There is much to think about in the agitated letter Qantas Group CEO Alan Joyce has written to government urging action to stop foreign carriers supporting Virgin Australia with a $350 million lift in capital.
That ‘stop the Virgins’ plea is reported in detail in today’s Financial Review, and it is a very good read, from any perspective.
But there are problems. Virgin Australia already has most of the money.
And in a material sense, it is setting out to do to Qantas what Qantas is trying to do to itself, and its Asia based competitors, with a so far struggling set up of puppet Jetstar franchises in Singapore, Vietnam and Japan, and a Hong Kong venture based on the hilarious proposition that it would get between the interests of the Ho family and control of the entity in the event that the SAR actually approves a business plan that makes a virtue of circumventing the corporate provisions of its Basic Law.
Qantas has been making a case for the repeal of the Qantas Sale Act of 1992 since within months of being listed on the ASX in 1995. The case has widespread support in the business community, but has never really been able to overcome the emotional rhetoric of the ‘keep Qantas Australian’ arguments that discourage politicians of all beliefs from engaging in serious discussions of issues which do not really fit into the slogan mentality of public debate.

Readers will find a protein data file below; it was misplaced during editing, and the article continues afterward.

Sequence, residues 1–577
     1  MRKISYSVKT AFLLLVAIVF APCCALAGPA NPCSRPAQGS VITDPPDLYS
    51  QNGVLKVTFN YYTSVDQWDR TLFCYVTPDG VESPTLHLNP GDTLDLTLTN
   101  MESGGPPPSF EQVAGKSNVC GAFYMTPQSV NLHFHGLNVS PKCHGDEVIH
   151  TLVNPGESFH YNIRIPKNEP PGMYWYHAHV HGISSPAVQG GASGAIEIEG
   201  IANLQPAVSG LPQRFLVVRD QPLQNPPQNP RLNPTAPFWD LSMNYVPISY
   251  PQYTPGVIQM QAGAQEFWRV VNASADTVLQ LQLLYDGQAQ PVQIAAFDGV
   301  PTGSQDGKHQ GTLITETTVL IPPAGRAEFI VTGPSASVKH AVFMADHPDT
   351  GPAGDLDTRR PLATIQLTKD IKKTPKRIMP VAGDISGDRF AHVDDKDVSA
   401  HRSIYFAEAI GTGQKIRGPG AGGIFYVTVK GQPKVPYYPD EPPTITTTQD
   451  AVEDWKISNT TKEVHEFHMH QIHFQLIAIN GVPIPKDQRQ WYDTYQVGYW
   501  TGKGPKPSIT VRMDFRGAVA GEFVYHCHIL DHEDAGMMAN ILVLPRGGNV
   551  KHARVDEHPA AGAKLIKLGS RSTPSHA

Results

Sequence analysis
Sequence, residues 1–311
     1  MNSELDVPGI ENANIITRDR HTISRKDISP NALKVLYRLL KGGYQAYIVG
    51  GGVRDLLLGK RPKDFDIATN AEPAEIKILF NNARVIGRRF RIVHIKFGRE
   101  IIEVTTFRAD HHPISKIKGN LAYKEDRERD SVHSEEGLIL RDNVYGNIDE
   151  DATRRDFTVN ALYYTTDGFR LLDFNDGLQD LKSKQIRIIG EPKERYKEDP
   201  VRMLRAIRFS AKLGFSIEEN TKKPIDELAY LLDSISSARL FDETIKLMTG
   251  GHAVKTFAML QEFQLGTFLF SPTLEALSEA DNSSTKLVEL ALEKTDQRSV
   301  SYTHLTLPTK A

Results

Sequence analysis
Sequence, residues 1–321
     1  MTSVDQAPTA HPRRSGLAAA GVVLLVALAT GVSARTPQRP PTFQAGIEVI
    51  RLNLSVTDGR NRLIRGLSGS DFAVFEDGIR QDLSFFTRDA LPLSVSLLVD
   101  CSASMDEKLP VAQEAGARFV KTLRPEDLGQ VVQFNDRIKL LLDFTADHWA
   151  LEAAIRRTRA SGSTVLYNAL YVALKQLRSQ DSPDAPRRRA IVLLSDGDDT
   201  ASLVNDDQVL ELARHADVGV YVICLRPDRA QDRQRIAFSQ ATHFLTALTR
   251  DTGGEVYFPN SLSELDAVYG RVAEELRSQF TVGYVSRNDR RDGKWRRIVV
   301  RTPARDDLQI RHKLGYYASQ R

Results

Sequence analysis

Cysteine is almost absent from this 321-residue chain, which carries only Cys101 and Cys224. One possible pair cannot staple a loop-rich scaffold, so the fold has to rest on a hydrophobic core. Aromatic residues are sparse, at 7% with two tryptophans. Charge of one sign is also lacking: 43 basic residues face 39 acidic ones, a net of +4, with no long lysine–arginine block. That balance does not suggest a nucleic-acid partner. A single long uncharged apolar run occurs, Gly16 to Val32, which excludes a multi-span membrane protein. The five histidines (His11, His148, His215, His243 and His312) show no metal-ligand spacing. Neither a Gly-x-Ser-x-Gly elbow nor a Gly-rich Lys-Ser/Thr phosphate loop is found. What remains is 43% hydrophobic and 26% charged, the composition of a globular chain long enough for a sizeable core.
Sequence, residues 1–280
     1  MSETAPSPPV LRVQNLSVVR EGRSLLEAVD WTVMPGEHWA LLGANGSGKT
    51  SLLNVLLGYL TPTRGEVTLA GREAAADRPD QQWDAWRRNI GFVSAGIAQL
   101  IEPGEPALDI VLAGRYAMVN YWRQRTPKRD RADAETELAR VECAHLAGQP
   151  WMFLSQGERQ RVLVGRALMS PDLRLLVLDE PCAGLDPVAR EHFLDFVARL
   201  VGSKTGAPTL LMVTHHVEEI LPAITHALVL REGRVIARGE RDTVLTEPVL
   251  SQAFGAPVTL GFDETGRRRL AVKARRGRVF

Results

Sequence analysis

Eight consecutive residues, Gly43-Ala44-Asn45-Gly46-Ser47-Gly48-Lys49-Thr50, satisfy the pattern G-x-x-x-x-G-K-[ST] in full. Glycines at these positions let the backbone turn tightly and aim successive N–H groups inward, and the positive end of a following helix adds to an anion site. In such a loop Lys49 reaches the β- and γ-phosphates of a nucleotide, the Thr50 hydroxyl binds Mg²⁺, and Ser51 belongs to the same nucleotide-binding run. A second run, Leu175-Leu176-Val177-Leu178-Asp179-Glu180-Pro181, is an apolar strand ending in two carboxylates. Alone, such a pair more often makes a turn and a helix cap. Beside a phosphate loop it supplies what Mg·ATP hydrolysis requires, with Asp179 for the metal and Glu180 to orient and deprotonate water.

Joyce’s biggest problem is that Qantas is badly managed. He has championed failed ventures like an Asia based single aisle premium carrier minority owned yet controlled by Qantas, and started domestic fare and capacity wars with Virgin Australia that have proven deeply harmful to Qantas never mind its competitor.
It is also difficult to make a case for curbing the growth of international competitors in Australia when the Emirates-Qantas business partnership consisted of giving away the Qantas presence on the routes to Europe to the Dubai based giant for free in every city except Sydney and Melbourne.
Qantas has attempted to direct its loyal customers on the kangaroo routes to Emirates, which it reviled in strident terms all the way up to the give-away which was finally agreed with Emirates in June 2012, which makes its credentials and position look hollow, even if the underlying logic of its actions were accepted.
If the Qantas Sale Act is repealed, Qantas could be what Virgin Australia is becoming. A strong Australia based airline brand, managed and operating in Australia, with no artificial restrictions on where it gets its capital from.
Its somewhat shrill objections to what Virgin Australia is doing would vanish. It would do the same. And Australia would still have a Qantas, and a Virgin Australia. Provided they were well managed.